July 4, 2018
London- Japanese-born British author Kazuo Ishiguro said Tuesday that he believes people have "an instinct" to reconcile.
"I think individual people and individual families have an instinct to understand each other and reconcile," the Nobel laureate in literature in 2017 told a news conference held in London, referring to the reconciliation between Japan and Britain after World War II.
Ishiguro, 63, who was born to Japanese parents in the city of Nagasaki, said he was "amazed at how helpful people were" when he moved to Britain at the age of five with his family in 1960, only 15 years after the end of the war.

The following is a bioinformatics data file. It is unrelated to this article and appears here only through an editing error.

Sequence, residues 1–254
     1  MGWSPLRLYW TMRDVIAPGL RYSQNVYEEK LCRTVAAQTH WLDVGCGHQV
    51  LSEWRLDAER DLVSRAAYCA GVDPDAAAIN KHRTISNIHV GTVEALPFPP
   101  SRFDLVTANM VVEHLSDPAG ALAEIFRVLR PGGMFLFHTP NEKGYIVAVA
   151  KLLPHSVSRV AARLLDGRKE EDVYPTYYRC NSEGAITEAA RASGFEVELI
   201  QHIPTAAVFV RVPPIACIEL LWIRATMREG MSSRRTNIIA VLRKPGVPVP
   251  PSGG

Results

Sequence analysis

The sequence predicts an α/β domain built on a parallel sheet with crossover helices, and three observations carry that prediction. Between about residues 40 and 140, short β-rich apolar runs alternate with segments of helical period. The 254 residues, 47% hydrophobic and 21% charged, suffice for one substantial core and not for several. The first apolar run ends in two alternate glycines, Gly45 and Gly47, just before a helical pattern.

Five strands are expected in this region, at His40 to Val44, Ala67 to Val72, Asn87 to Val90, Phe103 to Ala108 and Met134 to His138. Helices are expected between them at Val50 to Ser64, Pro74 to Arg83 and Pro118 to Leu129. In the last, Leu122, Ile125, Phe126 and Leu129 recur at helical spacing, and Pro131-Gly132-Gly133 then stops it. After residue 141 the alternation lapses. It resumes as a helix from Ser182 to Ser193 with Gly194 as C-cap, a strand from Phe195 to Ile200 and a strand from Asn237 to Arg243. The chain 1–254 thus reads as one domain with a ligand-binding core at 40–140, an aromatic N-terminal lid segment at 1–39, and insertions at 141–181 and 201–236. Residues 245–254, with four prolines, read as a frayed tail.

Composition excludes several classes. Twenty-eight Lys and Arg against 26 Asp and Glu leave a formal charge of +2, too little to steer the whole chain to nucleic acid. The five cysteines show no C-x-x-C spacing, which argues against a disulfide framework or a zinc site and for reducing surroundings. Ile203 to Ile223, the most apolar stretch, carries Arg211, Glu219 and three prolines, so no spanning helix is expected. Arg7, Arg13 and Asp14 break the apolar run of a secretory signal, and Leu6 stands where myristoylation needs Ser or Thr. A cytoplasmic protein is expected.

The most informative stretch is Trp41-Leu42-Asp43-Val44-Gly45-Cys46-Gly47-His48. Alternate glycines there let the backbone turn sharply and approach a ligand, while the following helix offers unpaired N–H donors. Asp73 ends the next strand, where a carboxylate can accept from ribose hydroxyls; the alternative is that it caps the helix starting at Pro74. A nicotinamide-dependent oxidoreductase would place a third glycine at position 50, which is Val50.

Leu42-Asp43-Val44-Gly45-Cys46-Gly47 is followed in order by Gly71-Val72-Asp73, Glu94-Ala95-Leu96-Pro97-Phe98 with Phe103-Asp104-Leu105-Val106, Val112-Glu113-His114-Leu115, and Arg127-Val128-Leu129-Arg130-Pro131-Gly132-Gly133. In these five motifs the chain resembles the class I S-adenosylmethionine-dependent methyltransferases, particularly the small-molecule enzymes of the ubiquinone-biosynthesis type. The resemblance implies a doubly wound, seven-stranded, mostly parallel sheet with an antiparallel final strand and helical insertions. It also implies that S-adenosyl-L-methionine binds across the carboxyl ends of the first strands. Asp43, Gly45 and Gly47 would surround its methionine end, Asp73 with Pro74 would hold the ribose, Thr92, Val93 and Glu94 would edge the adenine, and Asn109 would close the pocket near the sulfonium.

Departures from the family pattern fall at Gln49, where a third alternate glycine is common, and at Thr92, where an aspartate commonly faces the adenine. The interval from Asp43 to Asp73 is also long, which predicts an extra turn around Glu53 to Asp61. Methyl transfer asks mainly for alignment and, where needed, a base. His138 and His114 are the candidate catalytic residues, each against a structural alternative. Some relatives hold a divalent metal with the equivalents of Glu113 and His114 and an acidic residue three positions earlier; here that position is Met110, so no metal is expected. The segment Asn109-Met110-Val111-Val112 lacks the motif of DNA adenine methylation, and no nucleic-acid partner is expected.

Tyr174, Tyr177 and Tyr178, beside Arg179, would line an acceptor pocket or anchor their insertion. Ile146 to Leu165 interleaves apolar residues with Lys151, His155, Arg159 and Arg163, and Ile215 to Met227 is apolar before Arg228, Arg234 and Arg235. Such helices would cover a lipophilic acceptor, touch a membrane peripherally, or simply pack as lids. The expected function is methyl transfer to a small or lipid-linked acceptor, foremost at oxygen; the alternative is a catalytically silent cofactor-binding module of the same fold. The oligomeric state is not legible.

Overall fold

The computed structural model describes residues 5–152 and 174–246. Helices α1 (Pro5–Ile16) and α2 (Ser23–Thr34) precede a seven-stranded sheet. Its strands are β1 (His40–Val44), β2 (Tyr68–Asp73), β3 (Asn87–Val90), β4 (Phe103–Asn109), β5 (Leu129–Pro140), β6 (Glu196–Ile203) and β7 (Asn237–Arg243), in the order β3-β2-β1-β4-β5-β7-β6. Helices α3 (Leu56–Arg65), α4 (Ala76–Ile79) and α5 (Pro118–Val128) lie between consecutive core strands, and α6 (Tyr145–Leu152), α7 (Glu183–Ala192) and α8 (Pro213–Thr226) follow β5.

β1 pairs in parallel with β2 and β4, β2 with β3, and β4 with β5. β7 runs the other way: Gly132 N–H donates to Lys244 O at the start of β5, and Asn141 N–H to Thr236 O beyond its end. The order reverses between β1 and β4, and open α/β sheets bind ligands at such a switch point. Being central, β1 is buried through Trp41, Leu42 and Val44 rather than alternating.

"They went out of their way to make sure that our family was comfortable and that we understood how British society worked," he said.
During the war, some 57,000 British soldiers were captured by the Japanese Imperial Army and put into prison camps for forced labor, causing anti-Japanese sentiment to grow strong in Britain as a whole.
Ishiguro pointed out that often hatreds are preserved between nations "by politicians and the media."
"But often I found that at the individual level people's instincts were always to welcome us, even though I would then read in newspapers much more stereotypical images and portrayal of the wartime Japanese enemy," he went on to say.
The reconciliation between Japan and Britain as well as the United States "provides a great model for what can happen after a war," Ishiguro said. "Very deep friendships can be formed despite the very bitter war."
On Tuesday, he was honored by the southwestern Japan city and Nagasaki Prefecture. Jiji Press
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